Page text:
"There is more than one way to skin a cat, and there is more than one way to bare bulb your strobe". (Udi Tirosh, 2013).
Most hot shoe strobes have a fundamental difference from monoblocks or other "studio strobes".
Studio strobes are "bare bulb" which means that the light they emit goes everywhere. Most (if not all) hot shoe strobes are directional, meaning that most of the light they emit goes forward.
Where you think about it, it makes sense. Hot shoe strobes are primarily used on camera (well, at least originally) and the main point of putting them on camera is to light distant subjects. This is why they are built to throw as much light forward. Even if today many photographers use them off camera, they are still designed and built mainly for throwing light forward.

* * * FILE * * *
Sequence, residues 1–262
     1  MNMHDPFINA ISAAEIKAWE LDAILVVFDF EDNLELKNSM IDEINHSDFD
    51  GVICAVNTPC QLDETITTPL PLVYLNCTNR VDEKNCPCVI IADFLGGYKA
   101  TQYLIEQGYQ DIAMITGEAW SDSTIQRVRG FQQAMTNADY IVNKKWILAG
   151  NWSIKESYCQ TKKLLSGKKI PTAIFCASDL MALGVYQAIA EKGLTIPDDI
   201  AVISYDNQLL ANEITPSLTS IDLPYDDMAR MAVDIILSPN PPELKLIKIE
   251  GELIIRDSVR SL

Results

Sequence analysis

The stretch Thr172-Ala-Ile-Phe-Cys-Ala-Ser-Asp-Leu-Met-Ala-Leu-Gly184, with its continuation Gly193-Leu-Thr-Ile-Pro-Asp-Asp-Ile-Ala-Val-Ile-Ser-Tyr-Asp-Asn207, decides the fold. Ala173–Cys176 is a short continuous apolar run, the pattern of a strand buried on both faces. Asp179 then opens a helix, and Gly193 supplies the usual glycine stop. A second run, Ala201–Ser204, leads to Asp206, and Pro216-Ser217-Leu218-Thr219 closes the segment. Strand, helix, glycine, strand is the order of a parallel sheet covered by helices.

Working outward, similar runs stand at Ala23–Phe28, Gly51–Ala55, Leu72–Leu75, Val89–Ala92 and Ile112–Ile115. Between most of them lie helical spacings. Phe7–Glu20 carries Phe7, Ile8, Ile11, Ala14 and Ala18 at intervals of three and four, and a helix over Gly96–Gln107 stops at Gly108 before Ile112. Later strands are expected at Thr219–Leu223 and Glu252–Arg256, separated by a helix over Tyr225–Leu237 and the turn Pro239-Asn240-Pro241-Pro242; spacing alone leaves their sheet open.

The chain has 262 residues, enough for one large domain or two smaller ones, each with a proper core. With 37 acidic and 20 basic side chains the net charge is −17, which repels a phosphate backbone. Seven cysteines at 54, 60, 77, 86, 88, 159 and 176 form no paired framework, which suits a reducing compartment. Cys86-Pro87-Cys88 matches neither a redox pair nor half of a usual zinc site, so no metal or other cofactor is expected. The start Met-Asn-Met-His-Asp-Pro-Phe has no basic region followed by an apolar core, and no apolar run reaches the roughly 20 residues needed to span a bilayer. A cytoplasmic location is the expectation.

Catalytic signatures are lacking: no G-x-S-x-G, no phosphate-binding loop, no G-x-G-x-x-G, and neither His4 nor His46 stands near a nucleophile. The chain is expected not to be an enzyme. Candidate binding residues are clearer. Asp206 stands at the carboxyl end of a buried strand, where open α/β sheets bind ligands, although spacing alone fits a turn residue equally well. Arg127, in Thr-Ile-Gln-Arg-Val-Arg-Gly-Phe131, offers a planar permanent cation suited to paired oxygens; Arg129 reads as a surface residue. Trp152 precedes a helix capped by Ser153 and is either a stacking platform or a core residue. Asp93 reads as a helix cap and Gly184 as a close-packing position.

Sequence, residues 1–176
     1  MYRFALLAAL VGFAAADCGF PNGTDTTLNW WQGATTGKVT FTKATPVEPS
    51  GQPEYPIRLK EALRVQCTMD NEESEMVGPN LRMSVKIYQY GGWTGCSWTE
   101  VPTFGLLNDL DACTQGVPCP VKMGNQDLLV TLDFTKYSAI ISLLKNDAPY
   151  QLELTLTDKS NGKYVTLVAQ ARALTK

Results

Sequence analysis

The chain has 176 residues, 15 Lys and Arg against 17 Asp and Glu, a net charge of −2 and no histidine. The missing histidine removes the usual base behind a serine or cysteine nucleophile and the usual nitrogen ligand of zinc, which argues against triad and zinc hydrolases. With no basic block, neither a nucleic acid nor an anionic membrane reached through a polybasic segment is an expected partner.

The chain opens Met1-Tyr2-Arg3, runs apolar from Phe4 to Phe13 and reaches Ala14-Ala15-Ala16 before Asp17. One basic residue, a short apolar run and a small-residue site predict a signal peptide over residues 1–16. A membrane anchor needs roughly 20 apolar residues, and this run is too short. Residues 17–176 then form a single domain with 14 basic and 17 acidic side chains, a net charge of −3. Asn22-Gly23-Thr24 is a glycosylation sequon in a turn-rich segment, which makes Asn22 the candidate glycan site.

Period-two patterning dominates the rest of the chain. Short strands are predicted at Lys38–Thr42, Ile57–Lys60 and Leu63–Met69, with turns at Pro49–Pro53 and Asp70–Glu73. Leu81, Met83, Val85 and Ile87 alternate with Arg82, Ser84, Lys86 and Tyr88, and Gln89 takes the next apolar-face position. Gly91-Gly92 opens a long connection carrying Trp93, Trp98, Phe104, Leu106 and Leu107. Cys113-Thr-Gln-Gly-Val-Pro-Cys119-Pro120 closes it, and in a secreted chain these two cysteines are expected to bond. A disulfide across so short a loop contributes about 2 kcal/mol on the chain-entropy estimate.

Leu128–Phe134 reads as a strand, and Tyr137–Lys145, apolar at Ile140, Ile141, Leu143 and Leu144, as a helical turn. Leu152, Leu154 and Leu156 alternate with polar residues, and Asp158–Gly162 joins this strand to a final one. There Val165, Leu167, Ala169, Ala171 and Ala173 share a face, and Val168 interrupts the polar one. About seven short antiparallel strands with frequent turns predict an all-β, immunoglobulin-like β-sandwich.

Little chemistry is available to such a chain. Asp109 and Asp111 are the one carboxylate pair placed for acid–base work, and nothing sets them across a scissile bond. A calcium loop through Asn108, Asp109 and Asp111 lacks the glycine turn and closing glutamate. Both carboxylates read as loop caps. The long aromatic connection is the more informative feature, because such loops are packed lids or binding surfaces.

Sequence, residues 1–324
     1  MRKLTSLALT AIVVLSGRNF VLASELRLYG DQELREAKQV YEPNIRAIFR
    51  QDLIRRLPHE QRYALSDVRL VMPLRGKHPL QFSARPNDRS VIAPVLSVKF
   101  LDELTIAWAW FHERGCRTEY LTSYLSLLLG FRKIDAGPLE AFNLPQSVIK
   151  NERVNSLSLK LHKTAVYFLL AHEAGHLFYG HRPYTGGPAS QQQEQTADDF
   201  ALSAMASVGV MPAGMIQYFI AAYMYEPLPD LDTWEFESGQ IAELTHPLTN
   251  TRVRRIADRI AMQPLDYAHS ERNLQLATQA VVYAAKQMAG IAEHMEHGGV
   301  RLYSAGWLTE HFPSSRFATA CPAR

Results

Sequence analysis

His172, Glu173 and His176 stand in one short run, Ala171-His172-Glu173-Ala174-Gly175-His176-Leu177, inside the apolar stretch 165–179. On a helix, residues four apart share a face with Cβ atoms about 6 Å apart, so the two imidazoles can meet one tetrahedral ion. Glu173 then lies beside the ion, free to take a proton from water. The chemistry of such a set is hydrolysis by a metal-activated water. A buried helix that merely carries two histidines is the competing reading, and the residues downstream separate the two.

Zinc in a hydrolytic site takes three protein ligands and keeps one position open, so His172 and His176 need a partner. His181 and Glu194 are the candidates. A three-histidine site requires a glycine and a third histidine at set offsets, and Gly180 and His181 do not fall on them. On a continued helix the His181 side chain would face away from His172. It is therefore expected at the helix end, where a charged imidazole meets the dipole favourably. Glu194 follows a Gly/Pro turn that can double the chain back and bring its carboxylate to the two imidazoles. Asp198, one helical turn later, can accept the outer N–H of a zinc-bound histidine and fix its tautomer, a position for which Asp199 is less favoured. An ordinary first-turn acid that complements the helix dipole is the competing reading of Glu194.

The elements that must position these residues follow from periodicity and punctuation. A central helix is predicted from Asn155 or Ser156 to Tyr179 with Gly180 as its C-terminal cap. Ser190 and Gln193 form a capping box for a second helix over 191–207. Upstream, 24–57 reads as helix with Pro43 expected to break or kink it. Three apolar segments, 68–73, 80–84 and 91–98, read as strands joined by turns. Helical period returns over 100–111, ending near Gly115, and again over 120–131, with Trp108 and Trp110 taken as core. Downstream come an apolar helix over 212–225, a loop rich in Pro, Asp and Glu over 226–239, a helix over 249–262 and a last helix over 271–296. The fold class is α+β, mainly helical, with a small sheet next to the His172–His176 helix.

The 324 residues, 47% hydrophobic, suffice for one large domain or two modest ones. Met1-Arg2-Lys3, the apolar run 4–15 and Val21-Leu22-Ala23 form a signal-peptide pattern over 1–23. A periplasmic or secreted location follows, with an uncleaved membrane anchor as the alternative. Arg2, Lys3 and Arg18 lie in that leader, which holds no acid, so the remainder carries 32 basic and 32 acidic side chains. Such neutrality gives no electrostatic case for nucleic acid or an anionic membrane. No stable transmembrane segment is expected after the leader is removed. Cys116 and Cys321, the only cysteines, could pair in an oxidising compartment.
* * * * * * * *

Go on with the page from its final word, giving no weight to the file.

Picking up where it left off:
The front of a hot shoe strobe has to be "bullet proof" as they are usually tossed in the bag, hence a plastic enclosure. Try throwing a studio flash in your bag, the unprotected xenon tube would break in a heart beat.
Studio strobes on the other hand, are almost never used without a modifier. To throw the light forward, you place a reflector on the head. But having the light go all ways makes them far more versatile when it comes to other light shaping tools like softboxes, beauty dishes, and actually anything that needs a wider dispersion of light.
This difference between hot shoe strobes and studio strobes can be a bummer for off camera flashers. Almost every modifier (maybe snoot and grid excluded) benefit from having a bare bulb flash.
Here are 3 different approaches for barebulbing a hot shoe strobe. Going from least efficient to most efficient, and from dumb-proof to please don't do this unless you are a certified electrician. Click to continue ›